I taught Physics every year for ten years. In that time period there have been new national and state standards implemented, two major bell schedule adjustments changing the number of minutes per day and week, furlough days have come and gone, new rallies and school traditions take instructional time, I have changed rooms four times, decided to forgo homework and gotten a new textbook twice. While I have taught "Physics" for ten years the class I would teach now is not the same as when I started.

I have also taught Conceptual Physics seven times in ten years. Several times there was a year in between in which I did not teach it. The population changed from freshmen only to freshmen and English Language Learners to open to all students to freshmen and special education only. The book has not changed but I have also had the same schedule and calendar changes I experienced for Physics. Because the class was meant to sere students that need additional support many of the pedagogical approaches and project based learning remains the same.

It can be hard to teach a course you have taught before with textbook or schedule or population or calendar changes. And then you may have to teach something completely different. Physics teachers often have to teach non-Physics courses because of traditionally lower enrollment in Physics classes compared to say Chemistry. In some schools they are the only Physics teacher and thus teach multiple levels. We tend to have more preps (different classes to teach) and change them up more often than other science disciplines. In your career you will probably at least once have to teach a brand-new-to-you course that makes you feel like a new teacher all over again. That's what happened to me this year with AP Physics C.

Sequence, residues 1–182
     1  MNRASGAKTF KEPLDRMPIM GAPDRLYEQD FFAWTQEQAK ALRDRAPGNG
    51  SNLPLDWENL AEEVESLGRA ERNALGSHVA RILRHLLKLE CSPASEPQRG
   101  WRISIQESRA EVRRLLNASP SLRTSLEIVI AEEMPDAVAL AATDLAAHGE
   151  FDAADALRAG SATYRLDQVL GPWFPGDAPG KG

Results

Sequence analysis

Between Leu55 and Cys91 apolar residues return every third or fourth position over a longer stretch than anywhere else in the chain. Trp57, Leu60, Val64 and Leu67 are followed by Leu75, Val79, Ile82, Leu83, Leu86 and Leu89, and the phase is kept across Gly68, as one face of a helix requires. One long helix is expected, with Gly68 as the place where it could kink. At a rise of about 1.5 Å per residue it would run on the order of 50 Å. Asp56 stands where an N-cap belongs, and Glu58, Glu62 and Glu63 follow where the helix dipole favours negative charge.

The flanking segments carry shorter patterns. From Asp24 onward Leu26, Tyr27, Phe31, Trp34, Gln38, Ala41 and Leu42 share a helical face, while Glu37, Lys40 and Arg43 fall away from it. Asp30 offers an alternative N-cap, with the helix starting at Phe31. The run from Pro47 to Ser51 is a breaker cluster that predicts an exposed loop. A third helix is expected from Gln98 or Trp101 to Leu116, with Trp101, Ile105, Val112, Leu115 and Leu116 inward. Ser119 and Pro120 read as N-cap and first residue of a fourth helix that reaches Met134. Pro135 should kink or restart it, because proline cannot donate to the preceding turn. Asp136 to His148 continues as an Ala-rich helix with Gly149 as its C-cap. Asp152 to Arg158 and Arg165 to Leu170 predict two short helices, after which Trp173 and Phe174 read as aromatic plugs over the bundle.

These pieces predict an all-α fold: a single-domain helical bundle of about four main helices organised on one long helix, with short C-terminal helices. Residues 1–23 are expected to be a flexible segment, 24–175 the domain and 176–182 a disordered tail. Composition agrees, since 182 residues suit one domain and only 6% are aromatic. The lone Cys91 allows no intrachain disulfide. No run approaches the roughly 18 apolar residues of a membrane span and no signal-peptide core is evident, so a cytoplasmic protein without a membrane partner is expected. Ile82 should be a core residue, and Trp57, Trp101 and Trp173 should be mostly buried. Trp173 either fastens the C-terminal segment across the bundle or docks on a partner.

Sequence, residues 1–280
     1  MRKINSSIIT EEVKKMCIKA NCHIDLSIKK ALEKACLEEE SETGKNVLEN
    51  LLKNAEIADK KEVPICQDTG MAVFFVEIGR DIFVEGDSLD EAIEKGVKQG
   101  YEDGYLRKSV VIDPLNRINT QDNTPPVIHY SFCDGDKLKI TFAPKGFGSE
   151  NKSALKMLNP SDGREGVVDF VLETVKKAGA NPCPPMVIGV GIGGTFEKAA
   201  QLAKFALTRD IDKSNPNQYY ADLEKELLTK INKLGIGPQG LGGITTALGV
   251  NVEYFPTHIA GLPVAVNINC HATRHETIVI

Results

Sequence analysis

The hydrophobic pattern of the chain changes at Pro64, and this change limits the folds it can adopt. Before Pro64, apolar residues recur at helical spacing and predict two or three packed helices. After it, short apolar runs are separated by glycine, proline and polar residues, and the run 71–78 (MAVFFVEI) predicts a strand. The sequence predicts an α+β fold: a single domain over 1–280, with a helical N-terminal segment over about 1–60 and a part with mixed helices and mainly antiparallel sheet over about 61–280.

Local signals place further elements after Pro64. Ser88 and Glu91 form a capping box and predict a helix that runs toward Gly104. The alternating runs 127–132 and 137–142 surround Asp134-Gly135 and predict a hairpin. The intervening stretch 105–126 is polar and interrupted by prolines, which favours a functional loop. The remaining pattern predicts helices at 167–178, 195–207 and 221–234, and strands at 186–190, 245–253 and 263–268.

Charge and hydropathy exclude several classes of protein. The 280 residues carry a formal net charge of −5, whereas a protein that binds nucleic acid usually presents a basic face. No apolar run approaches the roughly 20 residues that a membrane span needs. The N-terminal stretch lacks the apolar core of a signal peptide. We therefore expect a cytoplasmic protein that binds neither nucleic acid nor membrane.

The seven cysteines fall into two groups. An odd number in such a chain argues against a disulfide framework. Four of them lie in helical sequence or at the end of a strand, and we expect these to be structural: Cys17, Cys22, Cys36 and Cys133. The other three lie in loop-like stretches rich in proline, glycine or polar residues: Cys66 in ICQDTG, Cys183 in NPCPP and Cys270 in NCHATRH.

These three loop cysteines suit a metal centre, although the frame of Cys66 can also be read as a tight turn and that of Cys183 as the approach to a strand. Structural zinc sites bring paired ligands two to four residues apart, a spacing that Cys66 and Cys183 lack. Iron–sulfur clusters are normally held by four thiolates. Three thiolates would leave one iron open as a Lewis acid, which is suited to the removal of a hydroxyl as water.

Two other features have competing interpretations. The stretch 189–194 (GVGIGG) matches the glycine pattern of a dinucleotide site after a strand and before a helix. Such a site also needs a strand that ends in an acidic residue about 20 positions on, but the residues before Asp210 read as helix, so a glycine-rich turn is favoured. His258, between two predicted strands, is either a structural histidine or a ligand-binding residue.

While I would love to say I met the challenge gracefully with my years of experience that was not always the case. Sometimes the workload crushed me. It definitely left my family neglected, our house in disorder and our lives chaotic. But as the end of the year approached I found that it got easier, not because the curriculum did but because I had developed a process. I found, through absolute trial and error, what helped me and what did not. I realized I went through the same steps in the same order at the start of each unit and it started to get (incrementally) easier.

And thus I decided to share, not because it is innovative or particularly amazing but because it could be helpful. I know someone out there, experienced or not, will be told in the coming weeks that they will be teaching (gulp) some class brand-new to them. It is daunting, makes you question whatever skills you thought you had and the workload downright sucks. So if some of this process helps you, great. If not, hopefully it helps lead you to your own.

Start with what you are given: